The hair was treated in much the same manner as with George I up to the end of this reign—gathered back from the forehead to a bunch of curls at the back. The small hats and caps, often worn together, continued of the same character; the dresses also remained similar in cut. The sack-back dress was supreme in the fifties, when it was set with panniers, together with the hoops, but the latter were not so much worn towards the end of this reign, except for the "grand dress." Quilted petticoats were much worn, but flounces are not a feature on the skirts till the latter part of this period. The simpler dress was of various lengths, and was at times worn quite short up to 1740. The corset bodice was still in use, with lawn sleeves: square cuffs and lace ruffles held the lead throughout this time, but the fan-shaped sleeve finish to the elbow, in the same material as the dress, began to appear about 1750, generally with a waved or scalloped edge. Pointed toes and high-heeled shoes continued, with either tied or buckled latchets, and long gloves and mittens were in use.
Quilted designs on Petticoats, 18th century.
Wigs with double points at the back, short curled or of long pigtailed shapes, some with side curls, others curled all round the front, were worn. Large bows and bags, or no bows, finished the back hair, and the bow to the front of the neck was in use from the early part of this reign. Long coats, as in the last reign, and short coats with stiffened skirts were used; many with braided seams and fronts, also a braided opening at the back. Large round cuffs and big square ones, caped coats, and coats with turn-down collars were all in the mode, and the "maccaroni" fashions started about 1760, with absurdities in small hats, clubbed wigs, and very short coats. High sticks and crook sticks, canes and swords continued in use.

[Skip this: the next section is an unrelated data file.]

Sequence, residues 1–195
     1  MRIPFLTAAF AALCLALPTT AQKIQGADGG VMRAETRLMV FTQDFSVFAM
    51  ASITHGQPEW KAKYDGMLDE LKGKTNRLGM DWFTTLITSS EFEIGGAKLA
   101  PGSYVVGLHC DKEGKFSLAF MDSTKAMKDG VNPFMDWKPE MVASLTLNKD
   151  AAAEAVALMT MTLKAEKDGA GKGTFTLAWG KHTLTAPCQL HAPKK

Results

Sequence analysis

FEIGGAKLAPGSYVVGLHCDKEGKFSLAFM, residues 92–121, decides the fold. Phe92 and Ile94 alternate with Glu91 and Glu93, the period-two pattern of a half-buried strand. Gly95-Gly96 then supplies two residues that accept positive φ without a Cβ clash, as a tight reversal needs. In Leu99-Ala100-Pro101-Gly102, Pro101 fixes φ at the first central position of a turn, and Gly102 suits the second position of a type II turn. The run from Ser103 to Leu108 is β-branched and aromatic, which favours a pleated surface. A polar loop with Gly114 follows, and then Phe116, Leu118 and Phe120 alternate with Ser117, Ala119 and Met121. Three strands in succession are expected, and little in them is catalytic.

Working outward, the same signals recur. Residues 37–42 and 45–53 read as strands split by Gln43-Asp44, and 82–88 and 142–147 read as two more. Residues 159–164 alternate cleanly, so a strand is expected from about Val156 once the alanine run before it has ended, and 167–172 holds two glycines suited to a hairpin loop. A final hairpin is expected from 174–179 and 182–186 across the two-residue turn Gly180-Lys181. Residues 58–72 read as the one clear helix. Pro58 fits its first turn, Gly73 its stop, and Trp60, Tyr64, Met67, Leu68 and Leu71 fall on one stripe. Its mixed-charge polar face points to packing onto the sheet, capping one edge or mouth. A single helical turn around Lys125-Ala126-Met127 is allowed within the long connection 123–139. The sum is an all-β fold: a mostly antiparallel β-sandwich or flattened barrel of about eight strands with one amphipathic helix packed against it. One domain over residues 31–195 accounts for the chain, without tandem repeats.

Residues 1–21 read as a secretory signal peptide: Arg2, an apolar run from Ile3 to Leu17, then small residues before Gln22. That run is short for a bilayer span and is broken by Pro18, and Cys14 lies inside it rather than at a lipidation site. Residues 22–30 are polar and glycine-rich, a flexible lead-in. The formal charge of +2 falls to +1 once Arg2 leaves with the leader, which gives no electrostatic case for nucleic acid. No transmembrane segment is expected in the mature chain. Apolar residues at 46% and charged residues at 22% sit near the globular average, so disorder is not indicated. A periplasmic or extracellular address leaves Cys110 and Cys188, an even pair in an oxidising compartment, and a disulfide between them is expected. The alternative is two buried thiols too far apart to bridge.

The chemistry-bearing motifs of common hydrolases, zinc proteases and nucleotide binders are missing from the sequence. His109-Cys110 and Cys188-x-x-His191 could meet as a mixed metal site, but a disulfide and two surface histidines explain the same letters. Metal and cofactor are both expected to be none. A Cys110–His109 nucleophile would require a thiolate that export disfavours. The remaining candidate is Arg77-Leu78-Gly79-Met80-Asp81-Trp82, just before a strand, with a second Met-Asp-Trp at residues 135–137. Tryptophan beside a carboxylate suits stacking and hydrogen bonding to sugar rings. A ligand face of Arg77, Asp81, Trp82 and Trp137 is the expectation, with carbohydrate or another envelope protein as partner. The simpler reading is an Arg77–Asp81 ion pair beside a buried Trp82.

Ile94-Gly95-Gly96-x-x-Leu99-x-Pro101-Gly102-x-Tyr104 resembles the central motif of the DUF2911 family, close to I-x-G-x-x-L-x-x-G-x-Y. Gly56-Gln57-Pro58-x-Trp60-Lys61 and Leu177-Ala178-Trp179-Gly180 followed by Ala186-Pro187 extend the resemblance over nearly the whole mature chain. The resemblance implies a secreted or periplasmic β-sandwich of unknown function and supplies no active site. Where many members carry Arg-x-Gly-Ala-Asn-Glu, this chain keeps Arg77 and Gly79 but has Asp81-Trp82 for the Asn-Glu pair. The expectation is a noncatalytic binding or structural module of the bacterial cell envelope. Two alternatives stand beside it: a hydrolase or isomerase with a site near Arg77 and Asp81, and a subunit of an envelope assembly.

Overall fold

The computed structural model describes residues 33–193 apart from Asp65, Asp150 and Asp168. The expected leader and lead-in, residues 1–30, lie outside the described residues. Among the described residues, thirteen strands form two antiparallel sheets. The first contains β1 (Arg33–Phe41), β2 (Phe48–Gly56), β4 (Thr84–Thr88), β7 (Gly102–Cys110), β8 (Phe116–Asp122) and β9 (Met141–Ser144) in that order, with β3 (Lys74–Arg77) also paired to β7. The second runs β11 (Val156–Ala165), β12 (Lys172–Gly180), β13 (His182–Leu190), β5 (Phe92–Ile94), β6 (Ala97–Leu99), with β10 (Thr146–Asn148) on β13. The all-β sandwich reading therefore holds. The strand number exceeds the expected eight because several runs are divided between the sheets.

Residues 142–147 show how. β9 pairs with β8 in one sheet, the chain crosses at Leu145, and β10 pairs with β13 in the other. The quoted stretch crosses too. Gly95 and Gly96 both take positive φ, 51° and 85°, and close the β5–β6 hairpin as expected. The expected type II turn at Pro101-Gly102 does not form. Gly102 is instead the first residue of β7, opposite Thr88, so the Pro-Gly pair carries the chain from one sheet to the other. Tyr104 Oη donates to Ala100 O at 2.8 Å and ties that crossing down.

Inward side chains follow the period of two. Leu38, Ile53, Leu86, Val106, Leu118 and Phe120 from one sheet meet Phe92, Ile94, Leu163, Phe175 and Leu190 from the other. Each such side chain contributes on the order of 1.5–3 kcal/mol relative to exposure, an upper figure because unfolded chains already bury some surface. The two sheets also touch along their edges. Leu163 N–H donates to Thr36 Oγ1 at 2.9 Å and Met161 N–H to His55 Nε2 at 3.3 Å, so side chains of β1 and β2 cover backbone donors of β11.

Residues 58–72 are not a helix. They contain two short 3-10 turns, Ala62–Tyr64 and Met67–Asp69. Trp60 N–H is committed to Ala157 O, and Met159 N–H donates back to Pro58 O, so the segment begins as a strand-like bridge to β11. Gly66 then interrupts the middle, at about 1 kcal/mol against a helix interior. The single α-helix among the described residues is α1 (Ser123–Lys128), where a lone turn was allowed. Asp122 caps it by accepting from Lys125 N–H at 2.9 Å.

The pocket flaps were of a curved form, with a rounded centre still, and many of the shoes had a high square front, high heels, and square toes: according to the caricature prints of Boitard, the fashionable hats were smaller in 1730, and much larger ten years later; very full skirts at the former date, and smaller and less stiffened at the latter. Stockings were often still worn outside the knee. Shoes reached an extreme high square front at the latter date, and gloves with curved or square cuffs are to be noted.
This long reign, like that of Queen Victoria, embraces several changes of style. Up till about 1785 white powder was still used for the hair, reaching its fullest extravagance in the middle of the seventies, set with pearls, bandeaus, caps, lace, flowers and feathers, and about 1776 the top was widened considerably. The front hair, gathered from the forehead, was pressed in a forward curve over a high pad, with one to three curls at the sides and one at the shoulders, the back hair being arranged in a loose loop, curled on the top and set with a large bow at the back; a small round hat with very small low crown (usually decorated with flowers and silks gathered into puffs, or ribbons and small feathers) was tilted right on the front. About 1780 large mob caps with a big bow on the front came in, and were generally worn together with the tall-crowned hat or the large-brimmed hat in favour at this time. A cape with smallish hood worn in the earlier reigns was supplanted about 1777 by the calash, a huge hood set out with whalebone which came to cover the full head-dresses. The heavier caped or hooded cloak, sometimes with side opening for the arms, and usually trimmed with fur, still remained in use to 1800.